Here’s a little trivia you might enjoy. Where is the ice cream capital of the world?

Believe it or not, it’s a small city, population only 10,000; Le Mars, Iowa. In 1994, it was officially recognized as the ice cream capital of the world, as it produces the most ice cream, under the Blue Bunny brand. Blue Bunny’s parent company started in Le Mars as a dairy farm in 1913.

Here is a surprisingly easy ice cream cake to make, and what a homemade flavor you get. It is worth buying a 9-inch springform pan for this summer dessert.

The recipe comes from an interesting cookbook published in 1993. Hundreds of community cookbooks were collected nationwide from all kinds of organizations; churches, hospital auxiliaries, clubs, etc. (I love those little cookbooks — good home cooking). Thousands of recipes were tested and rated until the cream of the crop was chosen for the book. This particular recipe comes from a medical center auxiliary in Fort Oglethorpe, Ga., that published its book for fundraising.

Chocolate-Amaretto Ice Cream Cake

Serves 8 to 10


11/2 cups chocolate wafer or cookie crumbs

1/2 cup slivered almonds, toasted and crushed

1/3 cup butter or margarine, melted

4 (1 ounce) squares semisweet chocolate, melted

1/4 cup amaretto

1, 14-ounce can sweetened condensed milk

1, 8-ounce carton sour cream

3 cups whipping cream, whipped

Optional: additional whipped cream for garnish

Combine chocolate wafer crumbs, almonds, and butter; firmly press 1 cup of crumb mixture in bottom of a lightly greased 9-inch springform pan. If you don’t have a springform pan, use a 9-inch deep dish pie or cake pan, which has been lined with waxed paper, so that you can lift it out onto a serving plate.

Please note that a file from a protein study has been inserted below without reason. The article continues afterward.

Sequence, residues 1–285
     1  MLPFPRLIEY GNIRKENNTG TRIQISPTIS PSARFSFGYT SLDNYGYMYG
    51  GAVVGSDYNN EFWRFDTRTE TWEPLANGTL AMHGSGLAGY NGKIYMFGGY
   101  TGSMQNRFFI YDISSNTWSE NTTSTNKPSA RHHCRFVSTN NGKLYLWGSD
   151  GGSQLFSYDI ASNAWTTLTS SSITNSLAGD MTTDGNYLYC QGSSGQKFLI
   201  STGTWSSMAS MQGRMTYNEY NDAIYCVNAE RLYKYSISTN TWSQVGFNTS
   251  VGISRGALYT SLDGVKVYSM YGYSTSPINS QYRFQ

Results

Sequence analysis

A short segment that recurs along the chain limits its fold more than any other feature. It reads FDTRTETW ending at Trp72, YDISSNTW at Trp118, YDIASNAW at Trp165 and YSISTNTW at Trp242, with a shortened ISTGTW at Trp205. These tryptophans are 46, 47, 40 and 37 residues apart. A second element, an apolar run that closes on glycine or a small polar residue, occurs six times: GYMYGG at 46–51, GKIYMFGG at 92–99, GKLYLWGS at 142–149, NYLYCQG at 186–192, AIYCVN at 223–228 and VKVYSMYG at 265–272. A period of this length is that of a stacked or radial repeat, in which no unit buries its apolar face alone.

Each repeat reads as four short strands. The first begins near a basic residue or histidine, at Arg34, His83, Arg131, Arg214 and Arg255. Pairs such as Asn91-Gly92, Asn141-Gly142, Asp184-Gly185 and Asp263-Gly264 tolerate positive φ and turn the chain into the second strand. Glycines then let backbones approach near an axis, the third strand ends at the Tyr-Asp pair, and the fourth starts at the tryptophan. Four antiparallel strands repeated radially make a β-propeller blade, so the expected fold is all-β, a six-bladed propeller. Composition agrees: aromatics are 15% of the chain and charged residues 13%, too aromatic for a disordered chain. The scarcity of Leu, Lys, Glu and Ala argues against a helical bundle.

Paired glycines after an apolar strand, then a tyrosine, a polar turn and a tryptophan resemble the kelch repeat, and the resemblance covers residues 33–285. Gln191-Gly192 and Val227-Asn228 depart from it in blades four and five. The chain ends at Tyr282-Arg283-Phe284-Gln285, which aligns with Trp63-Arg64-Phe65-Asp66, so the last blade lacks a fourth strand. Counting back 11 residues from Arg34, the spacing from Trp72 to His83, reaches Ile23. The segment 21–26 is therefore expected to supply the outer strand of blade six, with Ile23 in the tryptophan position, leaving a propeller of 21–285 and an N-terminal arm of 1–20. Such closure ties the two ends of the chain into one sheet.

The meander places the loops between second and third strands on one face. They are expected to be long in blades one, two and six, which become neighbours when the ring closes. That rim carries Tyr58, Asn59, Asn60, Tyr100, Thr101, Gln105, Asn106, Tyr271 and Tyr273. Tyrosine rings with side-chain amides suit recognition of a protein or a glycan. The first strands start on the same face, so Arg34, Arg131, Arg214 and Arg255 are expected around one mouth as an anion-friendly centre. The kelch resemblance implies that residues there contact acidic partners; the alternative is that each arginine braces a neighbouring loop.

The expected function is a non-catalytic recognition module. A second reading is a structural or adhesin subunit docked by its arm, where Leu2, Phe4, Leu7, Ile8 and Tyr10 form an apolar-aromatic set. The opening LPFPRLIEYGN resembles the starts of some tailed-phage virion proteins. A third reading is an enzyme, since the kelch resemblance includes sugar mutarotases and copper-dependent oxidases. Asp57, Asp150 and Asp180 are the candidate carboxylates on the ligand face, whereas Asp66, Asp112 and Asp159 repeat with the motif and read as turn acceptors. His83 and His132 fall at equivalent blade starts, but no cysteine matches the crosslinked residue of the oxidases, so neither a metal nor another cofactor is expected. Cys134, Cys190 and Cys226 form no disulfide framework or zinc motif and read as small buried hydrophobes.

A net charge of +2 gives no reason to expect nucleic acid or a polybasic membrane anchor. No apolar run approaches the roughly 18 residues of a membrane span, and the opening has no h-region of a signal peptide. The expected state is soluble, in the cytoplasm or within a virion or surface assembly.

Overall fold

Set prepared crust and remaining crumb mixture aside.

Combine chocolate and amaretto in a large bowl; stir well. Add sweetened condensed milk and sour cream; stir well. Fold in whipped cream.

Spoon half of chocolate mixture into prepared crust; sprinkle with half of reserved crumb mixture. Repeat procedure with remaining chocolate mixture and crumbs. Cover and freeze at least 8 hours.

Carefully remove sides of springform pan. Let stand 10 minutes before serving.

Garnish each serving with a dollop of whipped cream if desired.

Good to hear from you

Dear Patricia,

I am looking for a recipe for Red Kidney Bean Dip. I first had it in the 1970s at a restaurant called Arthur’s Town House in Lawrence, off of Essex Street. If you can find it I would love to have that recipe.

P.S. I look forward to your article every Friday. Thank you,

Zena, Lawrence

Dear Zena, I checked on the internet and in a 2006 Lawrence directory and it appears that Arthur’s restaurant was replaced by the Townhouse Pub on Newbury Street which is very close to Essex and Jackson streets. The number listed is now out of service. I did locate two different recipes for red kidney bean dip and have mailed them to you. I hope one of them is close to what you remember.

Cordially, Pat


Patricia Altomare invites feedback. Email her at


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